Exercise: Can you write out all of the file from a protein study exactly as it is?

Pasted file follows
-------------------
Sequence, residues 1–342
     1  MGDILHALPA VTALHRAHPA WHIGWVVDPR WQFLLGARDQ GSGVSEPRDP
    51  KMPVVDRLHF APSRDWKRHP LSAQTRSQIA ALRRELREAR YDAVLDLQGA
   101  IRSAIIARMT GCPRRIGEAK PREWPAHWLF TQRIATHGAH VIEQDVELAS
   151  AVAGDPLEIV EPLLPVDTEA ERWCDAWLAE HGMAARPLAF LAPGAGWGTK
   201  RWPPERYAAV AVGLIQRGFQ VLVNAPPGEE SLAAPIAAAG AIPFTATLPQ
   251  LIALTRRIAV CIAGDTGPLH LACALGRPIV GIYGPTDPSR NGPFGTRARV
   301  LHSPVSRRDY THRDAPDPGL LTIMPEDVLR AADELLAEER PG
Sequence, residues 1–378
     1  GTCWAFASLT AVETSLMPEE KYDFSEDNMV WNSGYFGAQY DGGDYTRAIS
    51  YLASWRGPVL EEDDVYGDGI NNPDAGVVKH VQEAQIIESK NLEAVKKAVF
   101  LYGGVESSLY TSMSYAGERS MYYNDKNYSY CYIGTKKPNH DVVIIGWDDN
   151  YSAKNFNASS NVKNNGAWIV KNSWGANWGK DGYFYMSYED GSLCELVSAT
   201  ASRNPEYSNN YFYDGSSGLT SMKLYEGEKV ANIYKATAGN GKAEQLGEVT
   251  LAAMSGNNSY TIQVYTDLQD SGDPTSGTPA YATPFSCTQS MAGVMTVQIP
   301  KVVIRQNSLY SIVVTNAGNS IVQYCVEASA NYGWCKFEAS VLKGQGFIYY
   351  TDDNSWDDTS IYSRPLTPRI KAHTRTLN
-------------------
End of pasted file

Sequence, residues 1–342
     1  MGDILHALPA VTALHRAHPA WHIGWVVDPR WQFLLGARDQ GSGVSEPRDP
    51  KMPVVDRLHF APSRDWKRHP LSAQTRSQIA ALRRELREAR YDAVLDLQGA
   101  IRSAIIARMT GCPRRIGEAK PREWPAHWLF TQRIATHGAH VIEQDVELAS
   151  AVAGDPLEIV EPLLPVDTEA ERWCDAWLAE HGMAARPLAF LAPGAGWGTK
   201  RWPPERYAAV AVGLIQRGFQ VLVNAPPGEE SLAAPIAAAG AIPFTATLPQ
   251  LIALTRRIAV CIAGDTGPLH LACALGRPIV GIYGPTDPSR NGPFGTRARV
   301  LHSPVSRRDY THRDAPDPGL LTIMPEDVLR AADELLAEER PG
Sequence, residues 1–378
     1  GTCWAFASLT AVETSLMPEE KYDFSEDNMV WNSGYFGAQY DGGDYTRAIS
    51  YLASWRGPVL EEDDVYGDGI NNPDAGVVKH VQEAQIIESK NLEAVKKAVF
   101  LYGGVESSLY TSMSYAGERS MYYNDKNYSY CYIGTKKPNH DVVIIGWDDN
   151  YSAKNFNASS NVKNNGAWIV KNSWGANWGK DGYFYMSYED GSLCELVSAT
   201  ASRNPEYSNN YFYDGSSGLT SMKLYEGEKV ANIYKATAGN GKAEQLGEVT
   251  LAAMSGNNSY TIQVYTDLQD SGDPTSGTPA YATPFSCTQS MAGVMTVQIP
   301  KVVIRQNSLY SIVVTNAGNS IVQYCVEASA NYGWCKFEAS VLKGQGFIYY
   351  TDDNSWDDTS IYSRPLTPRI KAHTRTLN